Building without sanction must go
The Calcutta High Court dismissed the appeal of Saraf Infra Projects seeking to protect its multi-storeyed hotel project from demolition for not getting sanction from the central government. The building near Fort William has been built at a cost of Rs 180 crore, but when the builder started beautification of an area near army property, objections were raised. Rejecting the builder's arguments, the high court said the sanction granted without adhering to the Kolkata Municipal Act and the Works of Defence Act, a 1903 central law, was void from the start. The judgment said: "the building plan sanctioned by KMC without prior permission of the central government is bad in law… The citizen who is the beneficiary of such illegal permission cannot legitimately contend that since on the basis of the permission he has spent huge sums of money or has otherwise changed his position to his detriment, the permission cannot be cancelled… We are conscious that the view we have taken will cause hardship. However, it cannot be said private interest must give way to public interest."

ST relief for Bajaj Tempo
The Bombay High Court last week ruled that customs duty paid on goods imported cannot be included in the definition of their "purchase price". The court passed the judgment in the appeal case, Commissioner of Sales Tax vs Bajaj Tempo, granting relief to the auto company, which imported goods used in the manufacture of three-wheelers. The court rejected the state government's argument that purchase price as defined in the state law included customs duty and asserted that it referred only to purchase made within the state.

Insurer not liable due to bad packing
The National Consumer Commission has rejected the claim of reimbursement by Jaiprakash Associates against ICICI Lombard Insurance for machinery damaged in transit from Spain to India because the packaging was not suitable or adequate. The ship reportedly faced extreme weather in the Atlantic and had to be diverted to Lisbon. When the machinery was found damaged, the claim was made against the insurer, which argued that packaging was not according to international standards. No other cargo was damaged, it said. The commission agreed, and dismissed the complaint.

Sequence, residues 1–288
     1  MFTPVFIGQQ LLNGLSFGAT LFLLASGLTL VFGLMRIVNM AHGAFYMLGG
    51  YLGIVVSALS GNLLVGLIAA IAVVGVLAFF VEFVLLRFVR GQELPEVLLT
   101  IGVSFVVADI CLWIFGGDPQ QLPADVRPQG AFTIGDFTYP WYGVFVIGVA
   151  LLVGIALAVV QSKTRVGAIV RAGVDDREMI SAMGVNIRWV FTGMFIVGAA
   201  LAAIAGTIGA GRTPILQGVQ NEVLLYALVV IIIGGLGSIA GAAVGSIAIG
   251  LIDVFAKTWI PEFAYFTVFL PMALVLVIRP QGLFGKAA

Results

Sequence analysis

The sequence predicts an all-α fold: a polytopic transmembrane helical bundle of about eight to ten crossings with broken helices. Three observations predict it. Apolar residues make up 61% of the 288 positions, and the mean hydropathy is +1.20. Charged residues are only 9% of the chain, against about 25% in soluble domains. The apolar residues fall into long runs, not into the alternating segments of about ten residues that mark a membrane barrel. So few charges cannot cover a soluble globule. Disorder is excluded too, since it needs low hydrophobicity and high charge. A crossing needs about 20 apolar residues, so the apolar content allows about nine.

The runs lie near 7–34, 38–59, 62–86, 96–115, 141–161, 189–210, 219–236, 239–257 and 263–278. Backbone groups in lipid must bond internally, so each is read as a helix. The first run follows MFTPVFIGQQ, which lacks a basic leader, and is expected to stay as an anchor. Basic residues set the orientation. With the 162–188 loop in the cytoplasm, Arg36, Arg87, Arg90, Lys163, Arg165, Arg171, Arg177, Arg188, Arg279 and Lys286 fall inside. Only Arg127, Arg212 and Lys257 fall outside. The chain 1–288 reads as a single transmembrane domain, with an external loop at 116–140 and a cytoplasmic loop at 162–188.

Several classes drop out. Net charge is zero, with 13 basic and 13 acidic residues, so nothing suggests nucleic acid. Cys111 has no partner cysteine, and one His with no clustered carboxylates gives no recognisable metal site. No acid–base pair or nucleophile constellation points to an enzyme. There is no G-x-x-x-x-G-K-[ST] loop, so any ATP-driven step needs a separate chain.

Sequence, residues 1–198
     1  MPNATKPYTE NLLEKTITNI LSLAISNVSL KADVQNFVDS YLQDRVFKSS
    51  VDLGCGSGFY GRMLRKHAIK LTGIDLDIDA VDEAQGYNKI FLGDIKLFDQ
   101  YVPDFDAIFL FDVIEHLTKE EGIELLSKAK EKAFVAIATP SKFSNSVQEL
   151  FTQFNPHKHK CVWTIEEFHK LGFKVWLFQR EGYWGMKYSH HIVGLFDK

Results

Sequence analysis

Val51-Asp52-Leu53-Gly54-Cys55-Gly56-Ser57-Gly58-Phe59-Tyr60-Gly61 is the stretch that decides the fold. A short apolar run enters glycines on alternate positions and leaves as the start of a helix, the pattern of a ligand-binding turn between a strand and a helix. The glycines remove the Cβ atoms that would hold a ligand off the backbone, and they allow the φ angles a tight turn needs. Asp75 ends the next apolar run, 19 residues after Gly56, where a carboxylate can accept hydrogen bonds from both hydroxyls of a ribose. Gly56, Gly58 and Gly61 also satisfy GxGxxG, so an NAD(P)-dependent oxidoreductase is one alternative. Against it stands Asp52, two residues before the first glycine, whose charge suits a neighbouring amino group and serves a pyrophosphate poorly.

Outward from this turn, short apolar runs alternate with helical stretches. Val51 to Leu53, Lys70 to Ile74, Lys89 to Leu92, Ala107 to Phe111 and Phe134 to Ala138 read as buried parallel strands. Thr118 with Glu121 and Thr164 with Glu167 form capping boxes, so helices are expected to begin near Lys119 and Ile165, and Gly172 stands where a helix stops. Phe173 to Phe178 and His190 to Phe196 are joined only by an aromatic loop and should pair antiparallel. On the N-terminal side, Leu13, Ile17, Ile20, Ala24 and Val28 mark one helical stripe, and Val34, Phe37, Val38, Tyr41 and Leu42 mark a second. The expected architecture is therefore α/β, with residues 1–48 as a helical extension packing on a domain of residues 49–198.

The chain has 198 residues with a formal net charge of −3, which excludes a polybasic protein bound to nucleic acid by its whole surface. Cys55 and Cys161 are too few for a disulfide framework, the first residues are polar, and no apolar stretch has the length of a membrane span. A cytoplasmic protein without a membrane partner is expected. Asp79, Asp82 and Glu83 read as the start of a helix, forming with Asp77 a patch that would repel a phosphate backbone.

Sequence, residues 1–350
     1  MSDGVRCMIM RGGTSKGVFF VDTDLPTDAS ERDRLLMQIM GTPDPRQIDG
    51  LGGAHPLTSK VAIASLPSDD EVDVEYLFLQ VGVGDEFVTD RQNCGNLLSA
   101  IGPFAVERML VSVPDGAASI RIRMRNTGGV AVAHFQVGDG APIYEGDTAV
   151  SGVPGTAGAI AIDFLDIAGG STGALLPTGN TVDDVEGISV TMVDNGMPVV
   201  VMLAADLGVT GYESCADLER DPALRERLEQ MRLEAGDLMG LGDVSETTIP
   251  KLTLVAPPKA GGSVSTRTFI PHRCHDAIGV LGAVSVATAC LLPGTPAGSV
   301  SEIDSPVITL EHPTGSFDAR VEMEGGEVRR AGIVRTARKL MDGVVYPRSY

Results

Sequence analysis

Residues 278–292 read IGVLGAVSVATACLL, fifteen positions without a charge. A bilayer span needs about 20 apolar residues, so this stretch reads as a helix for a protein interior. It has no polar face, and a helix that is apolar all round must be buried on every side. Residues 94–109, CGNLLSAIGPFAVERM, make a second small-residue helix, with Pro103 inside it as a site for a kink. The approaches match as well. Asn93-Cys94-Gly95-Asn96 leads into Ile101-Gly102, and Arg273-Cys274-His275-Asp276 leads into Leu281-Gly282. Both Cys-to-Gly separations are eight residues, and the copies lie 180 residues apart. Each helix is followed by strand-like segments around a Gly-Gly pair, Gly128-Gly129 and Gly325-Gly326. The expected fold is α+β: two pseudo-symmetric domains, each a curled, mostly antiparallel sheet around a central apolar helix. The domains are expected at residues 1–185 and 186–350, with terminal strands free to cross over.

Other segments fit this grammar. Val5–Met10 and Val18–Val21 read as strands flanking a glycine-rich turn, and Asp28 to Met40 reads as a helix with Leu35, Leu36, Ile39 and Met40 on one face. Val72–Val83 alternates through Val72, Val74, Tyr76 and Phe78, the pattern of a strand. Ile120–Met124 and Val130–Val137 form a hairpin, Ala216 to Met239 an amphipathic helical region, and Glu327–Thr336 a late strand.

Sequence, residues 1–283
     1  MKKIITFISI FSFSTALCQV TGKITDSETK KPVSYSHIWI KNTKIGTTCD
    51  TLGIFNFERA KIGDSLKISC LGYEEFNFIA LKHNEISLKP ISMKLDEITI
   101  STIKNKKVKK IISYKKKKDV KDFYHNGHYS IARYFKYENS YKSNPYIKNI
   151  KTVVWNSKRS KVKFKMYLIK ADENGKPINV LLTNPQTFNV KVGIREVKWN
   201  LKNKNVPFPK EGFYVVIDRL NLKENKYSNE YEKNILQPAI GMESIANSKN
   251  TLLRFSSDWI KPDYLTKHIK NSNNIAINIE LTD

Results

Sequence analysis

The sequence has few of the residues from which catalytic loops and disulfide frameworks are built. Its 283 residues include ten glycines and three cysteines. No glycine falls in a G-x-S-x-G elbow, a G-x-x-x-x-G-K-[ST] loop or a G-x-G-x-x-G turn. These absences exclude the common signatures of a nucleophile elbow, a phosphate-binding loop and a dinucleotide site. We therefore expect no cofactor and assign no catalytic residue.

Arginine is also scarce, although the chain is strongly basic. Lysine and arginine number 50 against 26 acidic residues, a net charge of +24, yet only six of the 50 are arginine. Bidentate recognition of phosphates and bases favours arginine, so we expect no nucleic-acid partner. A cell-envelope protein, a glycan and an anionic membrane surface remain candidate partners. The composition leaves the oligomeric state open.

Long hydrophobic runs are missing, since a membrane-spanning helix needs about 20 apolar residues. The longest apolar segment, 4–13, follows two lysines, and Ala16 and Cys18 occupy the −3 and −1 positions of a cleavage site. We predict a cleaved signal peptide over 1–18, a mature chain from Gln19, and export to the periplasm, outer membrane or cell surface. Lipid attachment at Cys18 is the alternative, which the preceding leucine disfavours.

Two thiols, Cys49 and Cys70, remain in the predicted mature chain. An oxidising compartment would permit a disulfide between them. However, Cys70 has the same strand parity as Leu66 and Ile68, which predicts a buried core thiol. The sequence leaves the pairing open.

Dear Reader,


Business Standard has always strived hard to provide up-to-date information and commentary on developments that are of interest to you and have wider political and economic implications for the country and the world. Your encouragement and constant feedback on how to improve our offering have only made our resolve and commitment to these ideals stronger. Even during these difficult times arising out of Covid-19, we continue to remain committed to keeping you informed and updated with credible news, authoritative views and incisive commentary on topical issues of relevance.


We, however, have a request.

As we battle the economic impact of the pandemic, we need your support even more, so that we can continue to offer you more quality content. Our subscription model has seen an encouraging response from many of you, who have subscribed to our online content. More subscription to our online content can only help us achieve the goals of offering you even better and more relevant content. We believe in free, fair and credible journalism. Your support through more subscriptions can help us practise the journalism to which we are committed.

Support quality journalism and subscribe to Business Standard.

Digital Editor

First Published: Sun, August 28 2016. 21:32 IST
RECOMMENDED FOR YOU